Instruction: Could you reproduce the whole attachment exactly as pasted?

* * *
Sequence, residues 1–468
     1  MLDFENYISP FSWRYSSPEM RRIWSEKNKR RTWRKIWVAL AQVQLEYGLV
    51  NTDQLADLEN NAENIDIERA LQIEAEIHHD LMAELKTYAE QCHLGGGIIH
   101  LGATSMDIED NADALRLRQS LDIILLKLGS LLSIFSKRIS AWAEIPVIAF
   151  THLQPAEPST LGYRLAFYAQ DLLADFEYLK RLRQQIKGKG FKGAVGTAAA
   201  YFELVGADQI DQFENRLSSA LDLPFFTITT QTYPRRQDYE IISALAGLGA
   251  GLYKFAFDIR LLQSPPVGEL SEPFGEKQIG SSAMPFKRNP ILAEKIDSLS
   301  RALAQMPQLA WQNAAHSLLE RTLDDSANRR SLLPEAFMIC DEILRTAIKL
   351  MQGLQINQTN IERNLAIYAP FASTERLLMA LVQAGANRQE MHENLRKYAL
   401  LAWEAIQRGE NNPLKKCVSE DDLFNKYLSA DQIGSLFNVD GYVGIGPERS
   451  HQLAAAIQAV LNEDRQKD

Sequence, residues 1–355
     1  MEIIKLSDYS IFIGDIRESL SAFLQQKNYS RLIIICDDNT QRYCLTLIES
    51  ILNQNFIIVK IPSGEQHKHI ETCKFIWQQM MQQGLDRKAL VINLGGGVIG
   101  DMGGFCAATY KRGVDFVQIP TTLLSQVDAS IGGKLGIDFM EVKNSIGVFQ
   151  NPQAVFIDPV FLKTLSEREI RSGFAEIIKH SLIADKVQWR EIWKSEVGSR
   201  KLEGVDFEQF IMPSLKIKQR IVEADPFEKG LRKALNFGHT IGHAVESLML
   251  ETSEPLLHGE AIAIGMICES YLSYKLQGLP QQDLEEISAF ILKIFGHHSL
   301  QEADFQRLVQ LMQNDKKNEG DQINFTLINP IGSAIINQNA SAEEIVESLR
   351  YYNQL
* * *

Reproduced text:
Sequence, residues 1–468
     1  MLDFENYISP FSWRYSSPEM RRIWSEKNKR RTWRKIWVAL AQVQLEYGLV
    51  NTDQLADLEN NAENIDIERA LQIEAEIHHD LMAELKTYAE QCHLGGGIIH
   101  LGATSMDIED NADALRLRQS LDIILLKLGS LLSIFSKRIS AWAEIPVIAF
   151  THLQPAEPST LGYRLAFYAQ DLLADFEYLK RLRQQIKGKG FKGAVGTAAA
   201  YFELVGADQI DQFENRLSSA LDLPFFTITT QTYPRRQDYE IISALAGLGA
   251  GLYKFAFDIR LLQSPPVGEL SEPFGEKQIG SSAMPFKRNP ILAEKIDSLS
   301  RALAQMPQLA WQNAAHSLLE RTLDDSANRR SLLPEAFMIC DEILRTAIKL
   351  MQGLQINQTN IERNLAIYAP FASTERLLMA LVQAGANRQE MHENLRKYAL
   401  LAWEAIQRGE NNPLKKCVSE DDLFNKYLSA DQIGSLFNVD GYVGIGPERS
   451  HQLAAAIQAV LNEDRQKD

Sequence, residues 1–355
     1  MEIIKLSDYS IFIGDIRESL SAFLQQKNYS RLIIICDDNT QRYCLTLIES
    51  ILNQNFIIVK IPSGEQHKHI ETCKFIWQQM MQQGLDRKAL VINLGGGVIG
   101  DMGGFCAATY KRGVDFVQIP TTLLSQVDAS IGGKLGIDFM EVKNSIGVFQ
   151  NPQAVFIDPV FLKTLSEREI RSGFAEIIKH SLIADKVQWR EIWKSEVGSR
   201  KLEGVDFEQF IMPSLKIKQR IVEADPFEKG LRKALNFGHT IGHAVESLML
   251  ETSEPLLHGE AIAIGMICES YLSYKLQGLP QQDLEEISAF ILKIFGHHSL
   301  QEADFQRLVQ LMQNDKKNEG DQINFTLINP IGSAIINQNA SAEEIVESLR
   351  YYNQL